Fans Aren’t For Sale But Football Might Be

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When the European Super League first hit the headlines, particularly given its closed book and uncompetitive status, the reaction from fans across the continent was nigh on identical and in lock step – the ESL was not wanted, and nor was it accepted.

The clubs who originally announced their intentions to take part had to incredibly swiftly, and apologetically, withdraw leaving only Barcelona and Real Madrid as the true believers of the project. Juventus are on paper still involved, but they are on record as wanting nothing to do with it.

This week the European Court of Justice finally ruled on whether or not it was lawful for associations and UEFA to ban clubs from competing – which it obviously was. But even in saying that, quite what the backers of the ESL think they have won here is slightly beyond most football fans.

The originally linked clubs who backed out, very quickly re-stated their complete opposition to the idea given the fan reaction and protests that had taken place at the beginning, and even though organisers A22 have now come back with a completely revised set of proposals for their ‘competition’ it would not be unkind to say fans themselves continue to view the entire idea of a new midweek competition as being about as useful as a chocolate teapot, despite the changes that have been promised.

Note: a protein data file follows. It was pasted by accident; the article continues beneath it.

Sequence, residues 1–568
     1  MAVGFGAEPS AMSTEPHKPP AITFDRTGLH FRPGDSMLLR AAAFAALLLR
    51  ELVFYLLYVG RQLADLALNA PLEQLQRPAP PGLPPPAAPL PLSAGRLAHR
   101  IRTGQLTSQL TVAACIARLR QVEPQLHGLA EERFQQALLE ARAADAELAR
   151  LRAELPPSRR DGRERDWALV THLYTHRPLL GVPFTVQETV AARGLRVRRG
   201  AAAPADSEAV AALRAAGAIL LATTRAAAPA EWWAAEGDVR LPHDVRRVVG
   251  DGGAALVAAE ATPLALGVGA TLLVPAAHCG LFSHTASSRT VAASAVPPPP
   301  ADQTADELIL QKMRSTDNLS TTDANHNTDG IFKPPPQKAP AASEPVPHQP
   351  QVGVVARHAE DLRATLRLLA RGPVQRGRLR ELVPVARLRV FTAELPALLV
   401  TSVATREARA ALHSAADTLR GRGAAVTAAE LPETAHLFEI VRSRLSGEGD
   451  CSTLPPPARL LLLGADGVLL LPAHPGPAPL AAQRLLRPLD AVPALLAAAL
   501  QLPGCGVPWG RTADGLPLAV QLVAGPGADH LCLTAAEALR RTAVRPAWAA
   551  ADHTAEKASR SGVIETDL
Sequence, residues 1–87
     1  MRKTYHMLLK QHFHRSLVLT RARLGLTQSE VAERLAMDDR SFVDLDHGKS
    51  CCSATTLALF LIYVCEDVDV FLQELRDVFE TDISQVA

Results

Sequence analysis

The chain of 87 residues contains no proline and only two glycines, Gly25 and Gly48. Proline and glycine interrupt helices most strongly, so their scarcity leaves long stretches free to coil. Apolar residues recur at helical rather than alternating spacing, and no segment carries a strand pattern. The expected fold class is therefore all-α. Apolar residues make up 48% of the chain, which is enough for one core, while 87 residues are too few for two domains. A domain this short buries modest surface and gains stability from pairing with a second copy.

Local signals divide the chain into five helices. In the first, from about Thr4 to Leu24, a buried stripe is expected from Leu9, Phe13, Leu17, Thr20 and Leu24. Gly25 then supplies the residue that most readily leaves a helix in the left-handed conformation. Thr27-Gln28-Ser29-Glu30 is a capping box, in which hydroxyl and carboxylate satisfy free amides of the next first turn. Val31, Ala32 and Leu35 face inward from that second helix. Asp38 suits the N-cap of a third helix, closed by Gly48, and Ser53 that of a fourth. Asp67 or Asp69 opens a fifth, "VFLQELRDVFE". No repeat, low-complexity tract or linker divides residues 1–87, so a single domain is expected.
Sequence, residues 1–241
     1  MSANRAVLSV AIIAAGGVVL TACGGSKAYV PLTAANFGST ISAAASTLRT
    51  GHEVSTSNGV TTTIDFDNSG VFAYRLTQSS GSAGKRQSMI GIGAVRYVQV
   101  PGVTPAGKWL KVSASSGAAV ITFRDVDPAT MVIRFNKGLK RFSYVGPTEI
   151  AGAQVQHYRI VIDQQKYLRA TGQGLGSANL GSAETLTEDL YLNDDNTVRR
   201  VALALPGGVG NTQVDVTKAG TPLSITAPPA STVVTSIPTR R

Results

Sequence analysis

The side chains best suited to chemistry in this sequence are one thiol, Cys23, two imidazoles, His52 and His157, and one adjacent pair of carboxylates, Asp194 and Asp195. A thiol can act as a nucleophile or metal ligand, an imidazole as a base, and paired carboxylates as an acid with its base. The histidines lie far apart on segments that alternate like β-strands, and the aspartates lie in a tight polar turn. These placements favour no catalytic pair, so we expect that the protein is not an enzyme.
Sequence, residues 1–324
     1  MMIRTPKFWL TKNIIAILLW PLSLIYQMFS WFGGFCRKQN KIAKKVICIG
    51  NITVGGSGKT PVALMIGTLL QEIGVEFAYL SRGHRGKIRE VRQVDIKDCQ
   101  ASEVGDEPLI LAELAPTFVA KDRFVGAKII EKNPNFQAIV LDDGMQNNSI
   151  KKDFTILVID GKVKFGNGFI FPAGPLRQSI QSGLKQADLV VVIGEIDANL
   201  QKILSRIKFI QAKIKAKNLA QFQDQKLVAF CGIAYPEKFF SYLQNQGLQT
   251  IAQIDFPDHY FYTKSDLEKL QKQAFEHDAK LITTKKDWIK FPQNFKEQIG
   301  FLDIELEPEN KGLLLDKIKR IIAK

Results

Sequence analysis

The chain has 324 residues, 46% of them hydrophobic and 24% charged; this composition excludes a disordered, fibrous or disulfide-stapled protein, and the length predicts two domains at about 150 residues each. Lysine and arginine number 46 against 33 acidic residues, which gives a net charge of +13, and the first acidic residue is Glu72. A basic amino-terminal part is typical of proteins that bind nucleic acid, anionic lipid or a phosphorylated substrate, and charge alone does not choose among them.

Not least because managers in England constantly whine about the number of games that are already played, and domestic Cup competitions are already being downgraded to suit that. We’ve seen the playing of weakened sides for years, and now replays and traditional two legged affairs are being scrapped to suit the wishes of a minority.

It is already very much to the annoyance of the average paying fan, and football has already gone far enough to accommodate the whims of those with a European focus.

For certain clubs to then add to their own fixture congestion with even a revamped new and rival competition, whilst rudely expecting other clubs, and their fans, to simply accommodate their further greed, would still continue to go down like a lead balloon. Not least since pre season campaigns took on a marketing and financial focus instead of what it is supposed to exist for.

UEFA did need a shake up, but their response will no doubt be to pander to some clubs further whilst further ruining the game in the name of making money, but that does not mean the ESL should be the way forward.

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